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Principal components analysis of diet and alternatives for identifying the combination of foods that are associated with the risk of disease: a simulation study

  • Ioannis Bakolis (a1), Peter Burney (a2) and Richard Hooper (a3)
  • DOI: http://dx.doi.org/10.1017/S0007114514000221
  • Published online: 11 April 2014
Abstract

Dietary patterns derived empirically using principal components analysis (PCA) are widely employed for investigating diet–disease relationships. In the present study, we investigated whether PCA performed better at identifying such associations than an analysis of each food on a FFQ separately, referred to here as an exhaustive single food analysis (ESFA). Data on diet and disease were simulated using real FFQ data and by assuming a number of food intakes in combination that were associated with the risk of disease. In each simulation, ESFA and PCA were employed to identify the combinations of foods that are associated with the risk of disease using logistic regression, allowing for multiple testing and adjusting for energy intake. ESFA was also separately adjusted for principal components of diet, foods that were significant in the unadjusted ESFA and propensity scores. For each method, we investigated the power with which an association between diet and disease could be identified, and the power and false discovery rate (FDR) for identifying the specific combination of food intakes. In some scenarios, ESFA had greater power to detect a diet–disease association than PCA. ESFA also typically had a greater power and a lower FDR for identifying the combinations of food intakes that are associated with the risk of disease. The FDR of both methods increased with increasing sample size, but when ESFA was adjusted for foods that were significant in the unadjusted ESFA, FDR were controlled at the desired level. These results question the widespread use of PCA in nutritional epidemiology. The adjusted ESFA identifies the combinations of foods that are causally linked to the risk of disease with low FDR and surprisingly good power.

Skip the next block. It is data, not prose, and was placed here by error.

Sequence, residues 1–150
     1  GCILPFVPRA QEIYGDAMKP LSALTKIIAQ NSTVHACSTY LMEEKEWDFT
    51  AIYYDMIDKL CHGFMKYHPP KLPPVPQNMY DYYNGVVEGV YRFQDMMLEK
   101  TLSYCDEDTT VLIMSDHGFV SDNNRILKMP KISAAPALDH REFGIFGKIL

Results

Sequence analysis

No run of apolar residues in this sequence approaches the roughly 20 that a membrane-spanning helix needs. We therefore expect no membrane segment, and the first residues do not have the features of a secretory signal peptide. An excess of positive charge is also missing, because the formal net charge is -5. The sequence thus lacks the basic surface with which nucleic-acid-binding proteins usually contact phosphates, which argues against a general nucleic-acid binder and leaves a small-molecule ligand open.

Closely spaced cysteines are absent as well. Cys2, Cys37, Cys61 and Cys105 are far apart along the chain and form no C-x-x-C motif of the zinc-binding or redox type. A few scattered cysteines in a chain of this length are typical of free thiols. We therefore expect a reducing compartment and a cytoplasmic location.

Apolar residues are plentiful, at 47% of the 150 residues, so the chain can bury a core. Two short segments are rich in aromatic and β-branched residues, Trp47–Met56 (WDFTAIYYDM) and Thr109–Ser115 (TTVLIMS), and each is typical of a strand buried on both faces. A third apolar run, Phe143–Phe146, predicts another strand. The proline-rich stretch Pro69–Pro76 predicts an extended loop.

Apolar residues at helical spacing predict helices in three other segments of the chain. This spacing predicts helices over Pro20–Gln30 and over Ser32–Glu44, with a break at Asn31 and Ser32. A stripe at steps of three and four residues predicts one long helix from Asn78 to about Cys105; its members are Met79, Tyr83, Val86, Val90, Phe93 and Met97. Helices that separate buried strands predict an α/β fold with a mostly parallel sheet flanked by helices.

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Corresponding author
*Corresponding author: I. Bakolis, email i.bakolis@imperial.ac.uk
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  • URL: /core/journals/british-journal-of-nutrition
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